It's surprising to me that I've now written two posts about musicals- I'm generally more of a fan of straight plays- but I've noticed an interesting trend in terms of musicals that I've been wanting to discuss- the evolution of the musical.
In the recent musical "The Drowsy Chaperone," the main character, Man in Chair, opens the show by speaking to the audience in pitch black, discussing what it used to mean to go to a Broadway musical, mentioning that it used to be exciting- an escape into a new world. You left the theater humming a song from the show. These have become instant classics that any theater buff knows, at least by name. I'm talking about "A Chorus Line," "Bye Bye Birdie," "Chicago" etc. Man in Chair goes on to compare these days of musical yore to the present, where he says the main thought of any theatergoer is "Dear God, Elton John, must we continue this charade?"
This comment is funny because of its truth- it seems like Broadway has become a breeding ground for commercialization. This means that very few original musicals are actually original. "Billy Elliot," the Tony winner for best musical and practically everything else as well, is inspired by a movie of the same name. The same goes for the cavalcade of musicals produced by Disney ("The Little Mermaid," "Beauty and the Beast," "Mary Poppins.") Even the undisputed best of these Disney shows, "The Lion King," leaves a feeling of remorse. Yes, it's beautiful (thanks to Julie Taymor) but it's still Disney. And this trend of Disney musicals has expanded outside of Disney now. Other producers have jumped on the idea- hence "Shrek the Musical" has come into existence, and "Coraline" has started an off-broadway run. For the grown-ups, most of the choices may have original stories, but unoriginal music. "Mamma Mia," "9 to 5," and "All Shook Up" are just examples of the many shows based on the music written by popular musicians. While these can be fun, especially for the fans of that music, these often come across as disjointed in plot, as their sole purpose is to showcase the music. This makes the shows feel more like concerts than actual theatre, certainly not original, and usually not good (as evidenced by the recent atrocity "Rock of Ages.")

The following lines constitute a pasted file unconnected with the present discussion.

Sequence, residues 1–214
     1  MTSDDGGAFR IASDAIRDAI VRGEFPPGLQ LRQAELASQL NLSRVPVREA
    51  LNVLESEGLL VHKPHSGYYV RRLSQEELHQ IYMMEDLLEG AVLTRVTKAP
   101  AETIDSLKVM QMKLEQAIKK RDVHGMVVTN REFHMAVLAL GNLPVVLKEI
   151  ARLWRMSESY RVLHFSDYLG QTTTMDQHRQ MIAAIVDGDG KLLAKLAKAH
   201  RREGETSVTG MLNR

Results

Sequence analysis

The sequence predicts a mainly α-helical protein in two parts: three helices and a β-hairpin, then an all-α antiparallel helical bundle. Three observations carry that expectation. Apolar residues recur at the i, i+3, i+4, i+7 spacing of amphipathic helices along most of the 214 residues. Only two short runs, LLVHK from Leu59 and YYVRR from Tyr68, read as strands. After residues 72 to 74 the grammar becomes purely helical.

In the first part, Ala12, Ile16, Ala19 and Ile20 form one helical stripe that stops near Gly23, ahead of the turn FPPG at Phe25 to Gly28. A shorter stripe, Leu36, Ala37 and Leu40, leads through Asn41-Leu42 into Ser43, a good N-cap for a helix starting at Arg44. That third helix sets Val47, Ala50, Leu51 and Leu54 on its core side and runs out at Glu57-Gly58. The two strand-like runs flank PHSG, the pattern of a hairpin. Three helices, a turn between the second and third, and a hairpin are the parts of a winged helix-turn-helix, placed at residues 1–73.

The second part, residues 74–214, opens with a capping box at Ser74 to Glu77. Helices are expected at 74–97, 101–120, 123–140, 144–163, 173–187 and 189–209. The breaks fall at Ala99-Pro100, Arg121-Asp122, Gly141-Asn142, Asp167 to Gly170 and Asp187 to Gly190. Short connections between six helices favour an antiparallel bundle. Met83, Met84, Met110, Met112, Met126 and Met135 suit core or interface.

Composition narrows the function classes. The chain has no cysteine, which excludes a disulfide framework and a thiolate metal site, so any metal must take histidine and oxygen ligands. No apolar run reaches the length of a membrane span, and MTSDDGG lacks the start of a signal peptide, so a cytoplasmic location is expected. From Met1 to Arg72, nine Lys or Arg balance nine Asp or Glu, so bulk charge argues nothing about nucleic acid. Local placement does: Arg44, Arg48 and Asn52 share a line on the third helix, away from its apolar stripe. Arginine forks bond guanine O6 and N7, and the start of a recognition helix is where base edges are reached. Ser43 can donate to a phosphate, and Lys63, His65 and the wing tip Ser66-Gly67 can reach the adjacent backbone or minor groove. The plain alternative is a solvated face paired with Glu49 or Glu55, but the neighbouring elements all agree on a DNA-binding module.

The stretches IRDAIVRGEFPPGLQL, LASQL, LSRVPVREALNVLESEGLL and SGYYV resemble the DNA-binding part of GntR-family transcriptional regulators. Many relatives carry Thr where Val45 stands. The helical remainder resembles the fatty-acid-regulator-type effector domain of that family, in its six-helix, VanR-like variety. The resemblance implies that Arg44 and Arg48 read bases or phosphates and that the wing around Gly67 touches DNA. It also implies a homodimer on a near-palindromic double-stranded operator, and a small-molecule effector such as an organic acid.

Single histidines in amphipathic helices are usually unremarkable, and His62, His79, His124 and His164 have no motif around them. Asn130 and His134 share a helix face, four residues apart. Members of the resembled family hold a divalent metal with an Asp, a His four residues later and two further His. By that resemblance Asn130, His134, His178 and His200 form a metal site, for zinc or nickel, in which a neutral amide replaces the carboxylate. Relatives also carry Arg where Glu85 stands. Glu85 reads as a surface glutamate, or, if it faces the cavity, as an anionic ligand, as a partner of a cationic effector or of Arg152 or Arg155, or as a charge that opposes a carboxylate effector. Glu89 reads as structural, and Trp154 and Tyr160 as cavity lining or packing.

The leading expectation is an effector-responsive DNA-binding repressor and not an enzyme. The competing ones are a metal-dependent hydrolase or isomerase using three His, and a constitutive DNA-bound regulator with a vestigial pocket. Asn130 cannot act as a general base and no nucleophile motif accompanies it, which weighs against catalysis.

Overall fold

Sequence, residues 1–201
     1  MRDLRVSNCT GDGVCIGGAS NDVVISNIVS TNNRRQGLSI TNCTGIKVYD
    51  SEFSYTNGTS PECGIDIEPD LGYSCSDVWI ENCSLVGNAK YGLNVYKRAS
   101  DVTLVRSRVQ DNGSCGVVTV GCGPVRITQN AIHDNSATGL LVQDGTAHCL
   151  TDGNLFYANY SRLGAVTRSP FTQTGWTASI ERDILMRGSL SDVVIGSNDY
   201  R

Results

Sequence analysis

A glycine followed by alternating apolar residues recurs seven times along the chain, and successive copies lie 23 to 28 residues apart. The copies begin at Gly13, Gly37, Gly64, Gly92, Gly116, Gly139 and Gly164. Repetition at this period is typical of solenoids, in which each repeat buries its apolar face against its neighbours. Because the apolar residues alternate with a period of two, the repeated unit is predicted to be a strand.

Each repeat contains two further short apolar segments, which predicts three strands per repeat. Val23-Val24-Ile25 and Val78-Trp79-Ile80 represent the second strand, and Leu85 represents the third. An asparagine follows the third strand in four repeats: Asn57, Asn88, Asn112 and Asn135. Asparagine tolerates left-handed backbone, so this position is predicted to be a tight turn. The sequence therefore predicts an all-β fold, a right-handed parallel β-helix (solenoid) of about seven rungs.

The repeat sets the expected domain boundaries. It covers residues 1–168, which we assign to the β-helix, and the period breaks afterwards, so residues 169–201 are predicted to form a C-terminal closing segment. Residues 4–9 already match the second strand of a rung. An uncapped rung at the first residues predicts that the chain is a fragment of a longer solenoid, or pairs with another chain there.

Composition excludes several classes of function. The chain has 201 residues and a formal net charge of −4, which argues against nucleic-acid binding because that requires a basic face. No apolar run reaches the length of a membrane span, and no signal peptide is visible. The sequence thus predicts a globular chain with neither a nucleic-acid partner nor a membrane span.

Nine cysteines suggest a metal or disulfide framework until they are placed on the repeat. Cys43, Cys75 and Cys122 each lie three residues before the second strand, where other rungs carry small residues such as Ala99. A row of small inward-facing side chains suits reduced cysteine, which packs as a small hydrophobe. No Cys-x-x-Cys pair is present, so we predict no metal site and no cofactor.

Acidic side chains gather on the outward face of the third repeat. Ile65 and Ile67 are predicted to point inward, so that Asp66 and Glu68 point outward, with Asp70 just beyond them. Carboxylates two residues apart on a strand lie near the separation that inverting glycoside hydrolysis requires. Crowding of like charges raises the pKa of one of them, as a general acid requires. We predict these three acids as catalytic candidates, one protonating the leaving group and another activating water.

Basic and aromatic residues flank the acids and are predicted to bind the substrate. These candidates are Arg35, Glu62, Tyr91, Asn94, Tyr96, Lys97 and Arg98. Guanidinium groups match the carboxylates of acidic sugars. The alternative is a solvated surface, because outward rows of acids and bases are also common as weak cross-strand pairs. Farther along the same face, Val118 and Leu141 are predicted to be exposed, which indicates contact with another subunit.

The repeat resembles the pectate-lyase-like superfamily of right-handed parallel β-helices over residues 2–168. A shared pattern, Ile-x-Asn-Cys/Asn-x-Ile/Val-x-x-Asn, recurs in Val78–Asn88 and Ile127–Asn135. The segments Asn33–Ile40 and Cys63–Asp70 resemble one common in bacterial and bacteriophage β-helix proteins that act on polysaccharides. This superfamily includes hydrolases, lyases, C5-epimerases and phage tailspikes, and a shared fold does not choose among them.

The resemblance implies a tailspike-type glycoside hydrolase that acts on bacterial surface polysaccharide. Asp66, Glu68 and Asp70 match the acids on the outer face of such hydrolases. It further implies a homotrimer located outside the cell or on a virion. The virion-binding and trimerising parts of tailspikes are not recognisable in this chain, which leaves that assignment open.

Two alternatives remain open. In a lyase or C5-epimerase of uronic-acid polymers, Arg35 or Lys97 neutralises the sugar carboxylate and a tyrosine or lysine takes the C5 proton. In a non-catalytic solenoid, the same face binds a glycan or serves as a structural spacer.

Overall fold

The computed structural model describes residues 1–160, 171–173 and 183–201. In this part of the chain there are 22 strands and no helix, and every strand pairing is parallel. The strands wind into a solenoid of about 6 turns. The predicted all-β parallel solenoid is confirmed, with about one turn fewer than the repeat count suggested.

The only original musicals in recent years have also been unconventional. For example, you'd never have seen "Avenue Q" back in Broadway's glory days. This past year, the only really original musical (under my qualifications) nominated for best new musical was "Next to Normal," featuring an all rock score and pretty bleak subject matter. "Next to Normal" is about SPOILER ALERT a woman with a mental illness who believes her dead son is still alive. The whole musical is bleak- the mother undergoes electroshock therapy, the daughter develops a drug addiction, etc. This is a far cry from the day when "Oklahoma" premiered and was thought to be too dark because a character was killed (the first time in theater history.) That's right- audiences thought "Oklahoma" was too bleak. With its fucking fields of wheat.
All of this is fine, but there is one real problem, and that's the real point of this article (finally.) These "new Broadway musical" conditions will never produce a classic, like the ones mentioned earlier in the post. The hottest show of the past few years was undoubtedly "Spring Awakening," which, while hated by many, was absolutelt idolized by even more- and managed to create the closest Broadway has come to a sensation in quite some time. Even "Spring Awakening," with its centuries old text may not be considered new, but with the score, cast, and overall energy of the production, I feel it can't help but be indicative of this wave of "new musical." Despite "Spring Awakening"'s immense popularity, I highly doubt we will ever see this show revived. The script and music are simply not appealing enough to justify it. In these new musicals, what everyone goes to see is the production itself, and that is something that can't be recreated in years to come. The shows that we now see as fun and spoofy, such as "Avenue Q" and "Urinetown" will also possibly lose their edge and originality if they were to be revived on Broadway too many years into the future. "Rent," for example, was being referred to as dated only five years after its premiere. Compare these to "Guys and Dolls," which has been revived just this past year. Granted, the production has received very poor reviews, but nobody really cares. They go to it to see a Broadway classic, and that's what they get.
This age of the Broadway musical is not really a bad thing, but I worry that it's not something that will ever live on as previous musicals have. I long for those hummable showtunes we used to have- the kind that people will want to see and hear again and again, many years into the future.